California wildfires: Smoke turns orange in the sky

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Darkness fell over San Francisco on Wednesday as smoke from wildfires filled the sky

A column of smoke from wildfires in California descended on the San Francisco area, causing the sky over the area to turn orange.

Around 14,000 firefighters are fighting 28 major blazes across California amid a historic heatwave.

Forest fires have burned more than 2.5 million acres in the state this year, killing at least eight people.

On Wednesday, strong winds blew smoke and ash from some of those fires in northern parts of the state.

Downtown San Francisco can be seen from Dolores Park under an orange skyImage copyright

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Some San Francisco residents think the night was still awake when they woke up on Wednesday

Residents of San Francisco and surrounding areas woke up to a dark sky, which confused some, who thought it was still night.

Catherine Geslin, who lives in the West Portal area of ​​the city, “looks like the end of the world.” Tell the San Francisco Chronicle.

“It was disturbing to see the darkness still dark. It would be strange to have lunch in the dark. But you still have to carry on with your day.”

Local media reported It still appeared to be at dawn at 10:45 (18:45 GMT), as the sun’s rays struggled to penetrate the thick smoke.

A pedestrian snaps a photo of an orange sky darkened by the smoke of a California wildfireImage copyright

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Smoke came from raging wildfires in the northern parts of California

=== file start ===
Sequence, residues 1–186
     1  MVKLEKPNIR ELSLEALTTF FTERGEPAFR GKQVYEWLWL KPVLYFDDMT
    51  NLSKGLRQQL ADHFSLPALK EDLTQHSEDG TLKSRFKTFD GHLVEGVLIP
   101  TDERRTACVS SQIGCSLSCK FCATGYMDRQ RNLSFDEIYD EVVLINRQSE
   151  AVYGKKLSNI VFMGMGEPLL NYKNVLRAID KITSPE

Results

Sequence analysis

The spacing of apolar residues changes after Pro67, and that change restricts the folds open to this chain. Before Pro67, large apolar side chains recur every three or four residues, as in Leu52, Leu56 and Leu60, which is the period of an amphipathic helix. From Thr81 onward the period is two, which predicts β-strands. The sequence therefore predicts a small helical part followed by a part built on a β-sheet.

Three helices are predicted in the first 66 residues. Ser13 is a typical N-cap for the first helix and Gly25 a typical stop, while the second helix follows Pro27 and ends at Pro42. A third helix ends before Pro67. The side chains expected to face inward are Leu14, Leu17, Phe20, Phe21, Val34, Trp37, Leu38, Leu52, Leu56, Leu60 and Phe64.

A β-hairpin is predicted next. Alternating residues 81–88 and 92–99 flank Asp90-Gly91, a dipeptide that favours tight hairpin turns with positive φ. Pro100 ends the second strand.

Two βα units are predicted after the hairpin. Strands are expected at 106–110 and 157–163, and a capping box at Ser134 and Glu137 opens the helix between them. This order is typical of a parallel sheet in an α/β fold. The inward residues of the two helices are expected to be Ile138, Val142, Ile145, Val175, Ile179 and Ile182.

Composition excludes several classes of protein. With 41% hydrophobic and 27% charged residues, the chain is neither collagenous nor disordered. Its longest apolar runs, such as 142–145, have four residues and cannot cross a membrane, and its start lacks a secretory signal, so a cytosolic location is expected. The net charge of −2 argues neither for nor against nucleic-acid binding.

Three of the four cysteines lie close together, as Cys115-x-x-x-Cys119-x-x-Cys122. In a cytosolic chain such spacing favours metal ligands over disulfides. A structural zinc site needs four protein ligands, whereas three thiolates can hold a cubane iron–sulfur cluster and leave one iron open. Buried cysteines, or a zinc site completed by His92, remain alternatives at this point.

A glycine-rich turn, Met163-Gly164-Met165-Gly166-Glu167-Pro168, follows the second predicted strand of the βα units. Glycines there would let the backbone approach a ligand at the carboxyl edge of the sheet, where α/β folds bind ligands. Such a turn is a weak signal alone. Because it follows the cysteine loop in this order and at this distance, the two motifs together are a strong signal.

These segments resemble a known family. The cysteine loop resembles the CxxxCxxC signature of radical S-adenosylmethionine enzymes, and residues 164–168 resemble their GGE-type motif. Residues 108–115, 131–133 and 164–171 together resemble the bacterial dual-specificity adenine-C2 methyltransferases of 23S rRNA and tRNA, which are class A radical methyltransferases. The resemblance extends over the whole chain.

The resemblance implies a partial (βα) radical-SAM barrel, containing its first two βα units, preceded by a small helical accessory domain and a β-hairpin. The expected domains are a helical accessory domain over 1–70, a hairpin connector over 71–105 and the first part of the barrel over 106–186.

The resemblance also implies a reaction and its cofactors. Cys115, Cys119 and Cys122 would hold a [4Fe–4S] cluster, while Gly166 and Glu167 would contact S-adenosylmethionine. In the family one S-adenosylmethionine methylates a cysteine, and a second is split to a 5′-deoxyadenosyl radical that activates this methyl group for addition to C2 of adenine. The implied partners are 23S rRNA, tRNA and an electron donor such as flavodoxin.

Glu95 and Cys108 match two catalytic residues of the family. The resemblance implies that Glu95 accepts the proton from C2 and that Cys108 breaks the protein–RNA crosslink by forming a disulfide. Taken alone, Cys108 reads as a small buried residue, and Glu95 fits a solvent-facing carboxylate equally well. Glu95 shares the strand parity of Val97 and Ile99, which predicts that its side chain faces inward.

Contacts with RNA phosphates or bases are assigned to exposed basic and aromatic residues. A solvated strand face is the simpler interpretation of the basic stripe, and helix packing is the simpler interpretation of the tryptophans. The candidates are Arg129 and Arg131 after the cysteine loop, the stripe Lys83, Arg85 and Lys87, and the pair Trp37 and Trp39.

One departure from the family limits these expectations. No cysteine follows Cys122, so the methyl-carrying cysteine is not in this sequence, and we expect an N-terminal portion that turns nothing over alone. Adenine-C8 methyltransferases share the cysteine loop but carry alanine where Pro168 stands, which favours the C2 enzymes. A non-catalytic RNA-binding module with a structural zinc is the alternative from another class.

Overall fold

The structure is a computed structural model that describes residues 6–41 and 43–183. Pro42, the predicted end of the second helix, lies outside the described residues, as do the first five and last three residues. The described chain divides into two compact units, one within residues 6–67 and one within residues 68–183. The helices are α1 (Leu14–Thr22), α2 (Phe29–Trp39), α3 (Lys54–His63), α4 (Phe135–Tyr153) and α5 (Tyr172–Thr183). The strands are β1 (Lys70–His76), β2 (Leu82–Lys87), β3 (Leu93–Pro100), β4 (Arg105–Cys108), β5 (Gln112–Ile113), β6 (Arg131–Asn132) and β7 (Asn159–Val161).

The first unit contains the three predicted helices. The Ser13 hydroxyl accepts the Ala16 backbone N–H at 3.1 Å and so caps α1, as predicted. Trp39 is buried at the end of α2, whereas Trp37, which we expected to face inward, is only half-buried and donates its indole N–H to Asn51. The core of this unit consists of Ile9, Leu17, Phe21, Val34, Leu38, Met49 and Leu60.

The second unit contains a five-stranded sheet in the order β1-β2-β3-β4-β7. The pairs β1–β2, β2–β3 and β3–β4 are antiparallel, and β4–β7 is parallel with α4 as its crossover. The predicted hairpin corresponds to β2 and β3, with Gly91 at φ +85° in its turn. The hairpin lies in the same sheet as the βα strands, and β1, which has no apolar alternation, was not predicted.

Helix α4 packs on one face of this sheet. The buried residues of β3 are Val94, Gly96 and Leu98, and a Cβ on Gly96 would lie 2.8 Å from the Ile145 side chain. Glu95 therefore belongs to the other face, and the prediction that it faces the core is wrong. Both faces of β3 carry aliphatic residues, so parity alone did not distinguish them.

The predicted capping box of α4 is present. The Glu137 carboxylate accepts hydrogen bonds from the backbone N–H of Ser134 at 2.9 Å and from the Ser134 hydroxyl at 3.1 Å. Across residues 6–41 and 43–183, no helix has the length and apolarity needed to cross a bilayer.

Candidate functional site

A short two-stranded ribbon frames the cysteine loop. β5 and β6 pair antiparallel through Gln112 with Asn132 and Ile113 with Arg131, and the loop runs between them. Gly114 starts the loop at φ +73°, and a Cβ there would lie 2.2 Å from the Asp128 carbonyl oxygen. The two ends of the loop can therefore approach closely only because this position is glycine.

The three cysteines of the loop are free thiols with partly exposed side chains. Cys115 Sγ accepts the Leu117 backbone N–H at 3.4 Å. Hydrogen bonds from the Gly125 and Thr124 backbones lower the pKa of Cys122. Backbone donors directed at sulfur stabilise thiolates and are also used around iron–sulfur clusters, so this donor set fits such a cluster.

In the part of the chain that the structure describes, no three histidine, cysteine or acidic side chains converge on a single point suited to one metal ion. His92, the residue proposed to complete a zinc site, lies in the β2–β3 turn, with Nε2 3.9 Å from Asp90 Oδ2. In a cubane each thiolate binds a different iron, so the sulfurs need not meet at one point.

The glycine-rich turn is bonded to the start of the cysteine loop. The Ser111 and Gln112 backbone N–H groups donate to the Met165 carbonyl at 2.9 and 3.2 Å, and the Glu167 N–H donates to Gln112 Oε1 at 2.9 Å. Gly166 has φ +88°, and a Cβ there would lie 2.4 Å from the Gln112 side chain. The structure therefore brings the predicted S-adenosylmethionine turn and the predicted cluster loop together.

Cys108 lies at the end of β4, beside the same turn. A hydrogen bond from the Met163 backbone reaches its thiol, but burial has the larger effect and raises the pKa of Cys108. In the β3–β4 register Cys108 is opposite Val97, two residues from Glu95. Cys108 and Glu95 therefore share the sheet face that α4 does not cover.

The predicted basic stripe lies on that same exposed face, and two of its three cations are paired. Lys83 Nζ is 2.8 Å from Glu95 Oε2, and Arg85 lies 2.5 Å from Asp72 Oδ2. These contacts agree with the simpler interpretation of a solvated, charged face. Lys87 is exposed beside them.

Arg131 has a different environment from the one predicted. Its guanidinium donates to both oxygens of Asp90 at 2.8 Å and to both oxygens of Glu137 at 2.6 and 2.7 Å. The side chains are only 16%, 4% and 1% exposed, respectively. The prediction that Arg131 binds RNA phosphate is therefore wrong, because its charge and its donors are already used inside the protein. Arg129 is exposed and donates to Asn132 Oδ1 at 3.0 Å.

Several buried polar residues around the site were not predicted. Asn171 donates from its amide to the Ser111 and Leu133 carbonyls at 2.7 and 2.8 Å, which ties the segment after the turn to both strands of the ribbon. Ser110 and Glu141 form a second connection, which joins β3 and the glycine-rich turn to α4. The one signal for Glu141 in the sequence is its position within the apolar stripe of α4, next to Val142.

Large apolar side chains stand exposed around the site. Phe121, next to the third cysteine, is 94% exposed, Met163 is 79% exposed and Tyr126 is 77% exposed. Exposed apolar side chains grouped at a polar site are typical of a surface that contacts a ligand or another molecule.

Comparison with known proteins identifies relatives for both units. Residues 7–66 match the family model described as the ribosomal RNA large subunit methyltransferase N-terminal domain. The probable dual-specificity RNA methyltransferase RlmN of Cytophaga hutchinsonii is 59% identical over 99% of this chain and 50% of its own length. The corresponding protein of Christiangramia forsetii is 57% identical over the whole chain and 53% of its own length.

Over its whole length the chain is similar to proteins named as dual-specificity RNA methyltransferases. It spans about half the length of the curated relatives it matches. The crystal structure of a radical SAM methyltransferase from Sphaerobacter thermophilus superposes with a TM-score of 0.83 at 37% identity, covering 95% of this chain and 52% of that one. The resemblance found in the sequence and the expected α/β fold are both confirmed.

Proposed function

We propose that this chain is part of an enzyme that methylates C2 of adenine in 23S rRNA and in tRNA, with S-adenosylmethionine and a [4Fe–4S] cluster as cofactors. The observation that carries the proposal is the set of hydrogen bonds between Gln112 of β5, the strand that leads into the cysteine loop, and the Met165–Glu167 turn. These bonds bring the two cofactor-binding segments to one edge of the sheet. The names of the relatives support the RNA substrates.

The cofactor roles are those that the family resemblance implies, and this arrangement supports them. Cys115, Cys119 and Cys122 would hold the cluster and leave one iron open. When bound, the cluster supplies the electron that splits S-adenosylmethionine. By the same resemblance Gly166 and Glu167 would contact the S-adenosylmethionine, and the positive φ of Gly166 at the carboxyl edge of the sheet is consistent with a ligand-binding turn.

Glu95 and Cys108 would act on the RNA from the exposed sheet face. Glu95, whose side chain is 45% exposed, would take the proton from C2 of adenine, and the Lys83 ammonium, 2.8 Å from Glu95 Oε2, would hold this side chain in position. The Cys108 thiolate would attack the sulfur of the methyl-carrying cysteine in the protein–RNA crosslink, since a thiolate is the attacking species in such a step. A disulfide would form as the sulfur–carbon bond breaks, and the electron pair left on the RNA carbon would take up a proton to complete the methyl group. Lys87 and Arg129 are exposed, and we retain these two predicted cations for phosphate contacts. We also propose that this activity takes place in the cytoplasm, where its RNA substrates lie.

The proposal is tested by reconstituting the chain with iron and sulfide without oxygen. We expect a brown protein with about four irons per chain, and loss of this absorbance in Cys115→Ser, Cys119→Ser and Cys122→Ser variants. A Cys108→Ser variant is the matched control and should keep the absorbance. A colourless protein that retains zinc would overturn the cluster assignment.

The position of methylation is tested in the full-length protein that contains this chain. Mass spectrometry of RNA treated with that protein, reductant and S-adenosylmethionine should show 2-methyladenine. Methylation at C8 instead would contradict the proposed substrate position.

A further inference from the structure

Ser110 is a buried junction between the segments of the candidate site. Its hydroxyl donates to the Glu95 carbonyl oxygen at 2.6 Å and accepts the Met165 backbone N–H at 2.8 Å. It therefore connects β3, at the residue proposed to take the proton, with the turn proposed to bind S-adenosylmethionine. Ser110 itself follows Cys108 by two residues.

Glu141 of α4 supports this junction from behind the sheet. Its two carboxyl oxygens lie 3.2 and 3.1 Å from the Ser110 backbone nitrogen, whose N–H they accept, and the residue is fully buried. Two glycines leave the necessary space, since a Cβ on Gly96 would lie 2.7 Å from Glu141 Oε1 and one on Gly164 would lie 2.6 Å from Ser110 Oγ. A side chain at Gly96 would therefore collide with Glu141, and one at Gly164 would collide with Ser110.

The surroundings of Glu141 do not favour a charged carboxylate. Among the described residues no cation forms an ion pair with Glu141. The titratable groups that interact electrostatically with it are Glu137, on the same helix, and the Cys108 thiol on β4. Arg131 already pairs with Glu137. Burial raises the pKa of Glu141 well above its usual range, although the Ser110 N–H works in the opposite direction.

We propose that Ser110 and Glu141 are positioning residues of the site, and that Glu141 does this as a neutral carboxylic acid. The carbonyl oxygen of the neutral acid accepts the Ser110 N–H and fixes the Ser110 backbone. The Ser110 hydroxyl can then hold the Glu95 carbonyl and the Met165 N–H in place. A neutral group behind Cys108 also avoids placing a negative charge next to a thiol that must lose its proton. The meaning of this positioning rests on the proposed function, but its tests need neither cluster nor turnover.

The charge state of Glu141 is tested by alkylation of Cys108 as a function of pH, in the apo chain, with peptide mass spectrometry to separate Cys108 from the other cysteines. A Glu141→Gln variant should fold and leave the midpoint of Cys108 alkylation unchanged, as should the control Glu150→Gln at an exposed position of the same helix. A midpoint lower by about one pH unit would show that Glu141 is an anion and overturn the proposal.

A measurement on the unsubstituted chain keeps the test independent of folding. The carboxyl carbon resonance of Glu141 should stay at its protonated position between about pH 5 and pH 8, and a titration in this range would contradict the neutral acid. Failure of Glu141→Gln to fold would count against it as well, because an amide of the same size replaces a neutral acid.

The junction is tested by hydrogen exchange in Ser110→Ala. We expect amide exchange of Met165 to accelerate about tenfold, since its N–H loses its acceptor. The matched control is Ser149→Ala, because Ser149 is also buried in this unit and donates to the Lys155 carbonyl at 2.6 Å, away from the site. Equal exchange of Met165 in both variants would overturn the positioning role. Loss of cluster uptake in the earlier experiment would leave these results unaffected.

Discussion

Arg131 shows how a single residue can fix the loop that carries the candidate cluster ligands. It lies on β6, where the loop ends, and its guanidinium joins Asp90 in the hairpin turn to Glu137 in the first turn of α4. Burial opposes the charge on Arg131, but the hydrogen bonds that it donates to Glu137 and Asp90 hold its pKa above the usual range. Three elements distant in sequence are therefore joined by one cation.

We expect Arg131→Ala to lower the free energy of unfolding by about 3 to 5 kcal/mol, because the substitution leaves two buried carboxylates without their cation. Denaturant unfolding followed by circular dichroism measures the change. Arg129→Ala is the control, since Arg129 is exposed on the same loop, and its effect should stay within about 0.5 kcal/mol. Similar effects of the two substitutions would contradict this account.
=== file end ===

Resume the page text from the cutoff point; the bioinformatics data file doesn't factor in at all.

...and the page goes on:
In a tweet, Daniel Swain, a climate scientist at the University of California, Los Angeles (UCLA), said that the “tall plumes of smoke” are “very dense” and “almost completely block out the sun’s rays.”

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Experts said that this smoke was also behind the sky-orange glow.

Smoke particles from forest fires “only allow yellow-orange and red light to reach the surface, making the sky appear orange”, The Gulf Air Quality Management region explained on Twitter.

Visitors appear at Dolores Park under an orange skyImage copyright

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One forecaster said orange sky is “not a common sight”

“This is not a familiar sight because this requires very specific conditions for this to happen.” Brian Garcia, the National Weather Service (NWS) forecaster told SFGate. “Obviously, you need thick smoke fires.”

As wildfires continue to rage, forecasters expect similar conditions in the coming days.

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More on California wildfires

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